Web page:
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Future Machines

Dec. 3, 2013
How Technology Pushes Machine Builders and Integrators to Design Smarter Machines, and Why Processes Have Become Better and More Efficient
About the Author

Katherine Bonfante is senior digital editor for Control and Control Design

I'm sure many of you are familiar with the Samsung Smart Watch commercial. It shows people and cartoon characters communicating and getting data out of their wrist watches. For years, this futuristic technology had been fiction more than anything else, but now thanks to Samsung and technological advances, this is a reality. 

This commercial makes me think how far our machines have come, and how much more advanced they will become in the future.

SEE ALSO: Machine Automation: The Future of the Past

Not long ago, our machines' control panels consisted of walls of buttons, switches, cables and tiny analog displays that spit out information on one specific process. Now control panels are a lot more condensed, automated, and they even come as digital apps capable of emailing statistics or warnings to us when machines malfunction.

Sure, we complain that newer technology complicates our lives, but usually only while we learn the technology and master it.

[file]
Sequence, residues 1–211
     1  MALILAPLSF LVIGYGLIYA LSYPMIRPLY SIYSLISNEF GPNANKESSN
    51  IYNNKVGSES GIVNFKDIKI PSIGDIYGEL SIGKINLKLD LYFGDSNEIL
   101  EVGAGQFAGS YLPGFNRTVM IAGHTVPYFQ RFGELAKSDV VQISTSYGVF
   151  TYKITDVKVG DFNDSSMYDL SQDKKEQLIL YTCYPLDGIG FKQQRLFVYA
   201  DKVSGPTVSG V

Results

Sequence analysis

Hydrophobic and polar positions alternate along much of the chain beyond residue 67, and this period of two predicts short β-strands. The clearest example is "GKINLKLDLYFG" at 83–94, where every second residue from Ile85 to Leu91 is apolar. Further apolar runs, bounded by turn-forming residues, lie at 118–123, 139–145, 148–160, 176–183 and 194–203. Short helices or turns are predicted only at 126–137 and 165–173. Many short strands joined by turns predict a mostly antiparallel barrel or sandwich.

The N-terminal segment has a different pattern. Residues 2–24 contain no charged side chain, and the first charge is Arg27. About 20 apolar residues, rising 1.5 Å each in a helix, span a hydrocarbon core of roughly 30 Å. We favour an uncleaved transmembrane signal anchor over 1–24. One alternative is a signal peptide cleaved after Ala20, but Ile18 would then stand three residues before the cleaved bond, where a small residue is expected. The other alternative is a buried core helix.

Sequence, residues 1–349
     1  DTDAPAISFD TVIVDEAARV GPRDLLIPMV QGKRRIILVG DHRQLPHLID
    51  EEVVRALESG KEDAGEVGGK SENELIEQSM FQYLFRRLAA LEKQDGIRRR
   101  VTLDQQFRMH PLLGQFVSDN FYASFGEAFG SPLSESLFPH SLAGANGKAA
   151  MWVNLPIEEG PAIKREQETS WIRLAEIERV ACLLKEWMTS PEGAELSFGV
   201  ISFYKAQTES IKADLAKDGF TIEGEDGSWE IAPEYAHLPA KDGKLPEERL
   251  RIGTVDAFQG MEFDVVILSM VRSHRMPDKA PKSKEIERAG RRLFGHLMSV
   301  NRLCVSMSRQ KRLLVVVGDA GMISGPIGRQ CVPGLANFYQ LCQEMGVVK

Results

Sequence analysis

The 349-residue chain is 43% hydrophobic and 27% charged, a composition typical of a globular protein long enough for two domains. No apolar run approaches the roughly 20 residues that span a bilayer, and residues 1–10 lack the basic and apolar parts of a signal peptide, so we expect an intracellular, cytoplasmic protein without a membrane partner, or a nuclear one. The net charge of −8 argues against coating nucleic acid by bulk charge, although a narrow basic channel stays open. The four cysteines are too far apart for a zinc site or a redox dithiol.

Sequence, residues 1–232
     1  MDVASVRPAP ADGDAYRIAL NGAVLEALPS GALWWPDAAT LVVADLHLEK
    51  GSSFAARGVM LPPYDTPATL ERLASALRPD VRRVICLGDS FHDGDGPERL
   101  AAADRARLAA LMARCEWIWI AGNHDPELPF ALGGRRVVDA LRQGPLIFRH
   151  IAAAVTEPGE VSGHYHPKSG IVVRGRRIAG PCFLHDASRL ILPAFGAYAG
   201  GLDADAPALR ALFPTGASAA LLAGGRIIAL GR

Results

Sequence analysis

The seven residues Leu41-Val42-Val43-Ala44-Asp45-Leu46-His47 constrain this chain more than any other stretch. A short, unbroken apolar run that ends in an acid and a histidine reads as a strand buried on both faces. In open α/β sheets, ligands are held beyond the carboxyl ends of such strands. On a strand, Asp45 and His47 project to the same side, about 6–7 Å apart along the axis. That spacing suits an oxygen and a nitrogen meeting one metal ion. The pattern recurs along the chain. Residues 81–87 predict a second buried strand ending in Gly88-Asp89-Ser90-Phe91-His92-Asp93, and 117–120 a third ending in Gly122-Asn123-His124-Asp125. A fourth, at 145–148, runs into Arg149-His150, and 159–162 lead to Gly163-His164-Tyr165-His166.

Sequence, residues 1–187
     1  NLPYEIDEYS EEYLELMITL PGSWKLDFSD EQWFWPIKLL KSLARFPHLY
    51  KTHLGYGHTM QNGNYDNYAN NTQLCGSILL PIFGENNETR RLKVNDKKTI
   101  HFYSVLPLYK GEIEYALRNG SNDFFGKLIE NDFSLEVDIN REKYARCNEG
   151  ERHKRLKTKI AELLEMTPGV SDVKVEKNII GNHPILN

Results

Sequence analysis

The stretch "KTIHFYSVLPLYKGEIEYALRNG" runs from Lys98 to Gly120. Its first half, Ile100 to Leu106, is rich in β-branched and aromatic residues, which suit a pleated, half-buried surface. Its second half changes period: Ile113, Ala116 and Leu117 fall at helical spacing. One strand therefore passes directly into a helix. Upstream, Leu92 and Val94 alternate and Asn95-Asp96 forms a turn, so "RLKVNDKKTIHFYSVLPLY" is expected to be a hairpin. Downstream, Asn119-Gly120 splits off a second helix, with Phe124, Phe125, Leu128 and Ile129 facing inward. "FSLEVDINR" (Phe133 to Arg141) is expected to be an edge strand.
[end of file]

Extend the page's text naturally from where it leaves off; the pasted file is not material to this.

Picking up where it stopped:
How complicated our jobs would still be if technology hadn't changed. We still would collect data on foot and with clipboards, pens and paper. Newer technology performs these tasks in minutes, when before, a machine operator spent hours collecting data.

Technology has pushed our machine builders and integrators to design smarter machines, and our processes have become better and more efficient. Take our article "The Machine of 2020," by executive editor Jim Montague. He reports how machine builders have started planning the machine of the future. For machine builders, staying on top of evolving technology and customers' demands is essential.

"In the next 10 years, we'll see machine controls going to more on-the-fly adaptability and completely automated reconfiguration," Robert Hattin, former president of Edson Packaging Machinery in Hamilton, Ontario, told Montague.

Read more on how machine innovators are a step ahead of our future machine needs and wants by reading this article.

Our previous managing editor and now chief editor for sister publication Plant Services, Mike Bacidore, wrote that when builders design industrial machines, they've been imagining what our industrial needs would be like in the future.

In the article "A Future Built on the Past," Bacidore features Sunnen Products, and reports how the company provides customers excellent service by looking into the future. Sunnen's corporate mission is to improve the performance of their customers, and they look into remote diagnostics and lean manufacturing to improve their offerings.

The machines we've seen in movies such as "Star Trek," "Blade Runner," "Minority Report," "I, Robot," and even the cartoon "The Jetsons," might not be a reality yet, but every day we get one step closer to achieving those levels of advanced technology.

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